best. I will leave it up to you to report his absence to the
police. Of course, I will have to terminate him for unreported
absenteeism, that is, if he doesn’t return to work within seven

“I understand, Mr. Harris, good bye.”

“Good bye, Mrs. Panis, let me know if I can be of help in any way.”

Mr. Harris hoped Nancy wouldn’t report the case to the police, he
feared that embarrassing publicity could hurt his already
precarious budget. He suspected that if Pete were found, he’d
have to admit turning the portal off without a thorough


Pete’s enthusiasm for his project died the moment he stepped
through the portal and it didn’t work. It was now dead, useless.
He realized the power had been cut off. The panic he felt as a
child when trapped in a closet, gripped his mind now. If the
replicas that usually followed him to the portal begging him
to take them along, had not bombarded him with questions,
God knows when he would have recovered his nerve.

This certainly put a new light on things. The Nancy replicas had
been grumbling all along about staying on this moon. Their
view that they should be allowed to return to Earth was gaining
in popularity among the Re-Petes. A revolt was brewing. Now,
Pete joined the revolution.

It was easy for him to decide that his replicas should remain
here to contribute to his experiment, but to be trapped in this
nasty little world was another thing. Small meteors could be
seen streaking through the sky every few minutes. A gorgeous
sight that came at a price, the small projectiles had killed ten
replicas already.

Pete decided to embark on a project to restore power to the portal.
The robot probe sent by Jack on the day of the discovery, was still
on the moon. With its help, they could figure a way to tap the
energy source of the replicator to power the portal. The computer
on board the probe could be replicated to fashion a console for the
portal. He had no idea how long this would take, but it’d give
purpose and hope to the whole colony.

Every one rejoiced at the news that they’d be allowed to go to Earth.
Teams formed to work at different tasks, and enthusiasm and
cooperation were universal, but as the months dragged into years,
factions, rivalries and quarrels arose. Pete saw with a mixture of
fascination and fear, his replicas turn into someone else.
Had this not been the way at the beginning, when humans first
appeared on Earth? Had not the few humans alive then been as
one? Had not they, as they grew in numbers lost their sense of
kinship? And so, as they multiplied, brothers changed into
friends, friends into strangers, strangers into foes. And the
killing began.


Devastated, Nancy, adjusted to the new reality of earning a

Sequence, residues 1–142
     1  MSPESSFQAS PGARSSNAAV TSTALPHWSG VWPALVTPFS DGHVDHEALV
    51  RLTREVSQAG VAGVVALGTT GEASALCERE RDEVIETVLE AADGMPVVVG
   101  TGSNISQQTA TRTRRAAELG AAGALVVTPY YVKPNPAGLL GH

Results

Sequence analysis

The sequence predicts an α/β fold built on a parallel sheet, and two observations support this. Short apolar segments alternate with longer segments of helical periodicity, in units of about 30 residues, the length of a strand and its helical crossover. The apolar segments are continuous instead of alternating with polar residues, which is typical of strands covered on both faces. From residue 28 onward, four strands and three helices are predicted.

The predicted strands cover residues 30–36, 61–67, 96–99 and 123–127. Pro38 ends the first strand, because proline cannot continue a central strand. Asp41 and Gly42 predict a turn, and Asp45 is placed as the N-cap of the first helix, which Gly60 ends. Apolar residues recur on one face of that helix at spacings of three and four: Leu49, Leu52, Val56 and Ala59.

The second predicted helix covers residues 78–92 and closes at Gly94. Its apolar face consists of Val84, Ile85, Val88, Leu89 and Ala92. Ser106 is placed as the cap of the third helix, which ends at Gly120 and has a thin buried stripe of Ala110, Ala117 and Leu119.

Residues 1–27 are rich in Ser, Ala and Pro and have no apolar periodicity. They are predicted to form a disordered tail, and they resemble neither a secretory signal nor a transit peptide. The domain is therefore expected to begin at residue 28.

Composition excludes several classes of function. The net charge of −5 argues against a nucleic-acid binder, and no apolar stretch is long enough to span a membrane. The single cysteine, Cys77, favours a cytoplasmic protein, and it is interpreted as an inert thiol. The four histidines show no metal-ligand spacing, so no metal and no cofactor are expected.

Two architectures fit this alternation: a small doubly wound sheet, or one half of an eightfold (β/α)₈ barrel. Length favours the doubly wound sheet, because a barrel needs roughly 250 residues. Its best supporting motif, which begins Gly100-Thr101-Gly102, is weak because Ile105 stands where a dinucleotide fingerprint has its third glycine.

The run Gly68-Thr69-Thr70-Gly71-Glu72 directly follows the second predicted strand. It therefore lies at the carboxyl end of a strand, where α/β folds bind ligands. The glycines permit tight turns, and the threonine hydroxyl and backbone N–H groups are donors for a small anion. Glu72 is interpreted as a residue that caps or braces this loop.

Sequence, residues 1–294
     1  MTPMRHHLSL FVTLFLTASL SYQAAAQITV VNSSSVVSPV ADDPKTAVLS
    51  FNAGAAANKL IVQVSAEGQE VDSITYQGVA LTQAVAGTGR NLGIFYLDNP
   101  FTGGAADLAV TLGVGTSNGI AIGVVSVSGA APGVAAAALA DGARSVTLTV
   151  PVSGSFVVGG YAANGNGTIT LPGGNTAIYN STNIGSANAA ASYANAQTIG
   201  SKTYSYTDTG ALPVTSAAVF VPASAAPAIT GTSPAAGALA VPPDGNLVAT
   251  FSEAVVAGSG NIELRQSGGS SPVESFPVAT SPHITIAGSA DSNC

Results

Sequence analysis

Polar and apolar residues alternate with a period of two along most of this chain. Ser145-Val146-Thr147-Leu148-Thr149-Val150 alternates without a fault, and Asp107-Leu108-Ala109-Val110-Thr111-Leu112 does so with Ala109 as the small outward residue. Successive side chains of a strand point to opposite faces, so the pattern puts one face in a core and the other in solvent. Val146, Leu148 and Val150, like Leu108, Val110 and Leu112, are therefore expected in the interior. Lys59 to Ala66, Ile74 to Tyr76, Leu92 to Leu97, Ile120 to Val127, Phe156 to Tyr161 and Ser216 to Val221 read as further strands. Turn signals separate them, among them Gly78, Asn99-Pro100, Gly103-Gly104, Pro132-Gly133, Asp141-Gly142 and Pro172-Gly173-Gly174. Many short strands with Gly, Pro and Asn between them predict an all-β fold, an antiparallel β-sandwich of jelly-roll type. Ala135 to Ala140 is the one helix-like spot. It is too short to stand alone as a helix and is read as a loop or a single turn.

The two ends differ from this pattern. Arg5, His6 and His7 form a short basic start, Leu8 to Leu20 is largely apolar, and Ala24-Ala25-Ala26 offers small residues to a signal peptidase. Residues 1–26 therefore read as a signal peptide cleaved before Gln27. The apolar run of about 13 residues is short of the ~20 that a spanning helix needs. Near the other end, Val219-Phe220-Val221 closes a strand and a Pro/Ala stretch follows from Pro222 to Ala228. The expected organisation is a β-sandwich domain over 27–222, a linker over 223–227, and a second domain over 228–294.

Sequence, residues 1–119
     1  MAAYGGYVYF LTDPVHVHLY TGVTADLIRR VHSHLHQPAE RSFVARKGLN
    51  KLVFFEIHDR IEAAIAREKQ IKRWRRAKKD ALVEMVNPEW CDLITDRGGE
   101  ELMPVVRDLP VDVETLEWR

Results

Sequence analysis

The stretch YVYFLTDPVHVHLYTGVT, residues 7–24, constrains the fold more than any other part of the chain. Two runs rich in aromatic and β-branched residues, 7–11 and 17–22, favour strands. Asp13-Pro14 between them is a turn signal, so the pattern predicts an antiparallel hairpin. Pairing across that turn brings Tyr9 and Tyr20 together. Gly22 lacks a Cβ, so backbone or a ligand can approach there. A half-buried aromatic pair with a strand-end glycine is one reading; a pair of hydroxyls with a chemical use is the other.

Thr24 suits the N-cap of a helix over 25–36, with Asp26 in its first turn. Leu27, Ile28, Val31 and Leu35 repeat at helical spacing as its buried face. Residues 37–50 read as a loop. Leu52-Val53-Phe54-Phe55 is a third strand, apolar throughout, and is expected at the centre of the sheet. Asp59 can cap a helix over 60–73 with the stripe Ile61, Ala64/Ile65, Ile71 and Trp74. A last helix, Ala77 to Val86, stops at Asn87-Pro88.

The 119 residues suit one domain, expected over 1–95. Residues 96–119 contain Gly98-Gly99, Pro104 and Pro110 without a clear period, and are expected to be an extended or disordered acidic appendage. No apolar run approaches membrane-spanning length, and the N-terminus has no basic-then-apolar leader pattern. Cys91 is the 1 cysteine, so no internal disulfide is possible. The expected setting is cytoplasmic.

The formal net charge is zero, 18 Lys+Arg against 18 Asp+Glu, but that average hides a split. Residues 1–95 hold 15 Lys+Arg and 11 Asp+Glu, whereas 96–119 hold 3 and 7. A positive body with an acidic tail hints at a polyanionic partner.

living on her own. As the years went by, she thought less and
less of her stranded husband and his faraway home among the
stars of M182. She never sought a divorce, but didn’t deprive
herself, as she put it, of male entertainment.

Then one day, twenty years after Pete’s disappearance, while
watching the news she heard a news release that electrified her.
A moon very similar to earth had been discovered in a distant
galaxy. Amazingly, creatures very similar to humans had
inhabited this moon. A space portal was found in one of the
buildings. Who were these creatures? Where had they come
from? And where had they gone? No one knew.

She sat there, pulling her hair, twisting the now graying strand
around her finger. She had no doubt Pete and his gang of Re-
Petes had managed to build a space portal and had left that
dreary moon. But where had they gone? Then she remembered
an incident she had completely forgotten from a few years back.

She had seen a remarkable Pete look-alike walking downtown.
Nancy had rushed to catch up with him, but the man disappeared
in the crowd. Another thought struck her that made her sit up
straight, as tense as a cat that has spotted a mouse. Did not the
CEO of Celestial Discount Stores, the multi- billion worldwide
retailers, look a lot like Pete? Could Pete and his gang be
running a smuggling business? Could they be replicating
valuable items on that moon and selling them at bargain prices
on Earth?

She sat there fascinated, a mixture of happiness, relief and anger
flooding in. How could he? What callousness! Why hadn’t he
contacted her? True he was surrounded by thousands of Nancy’s,
but she was the real one. Didn’t he realize that?

“Hmm!” she said as she pulled on the strand of hair. ”
I think I’ll pay a visit. Some of that money belongs to me.”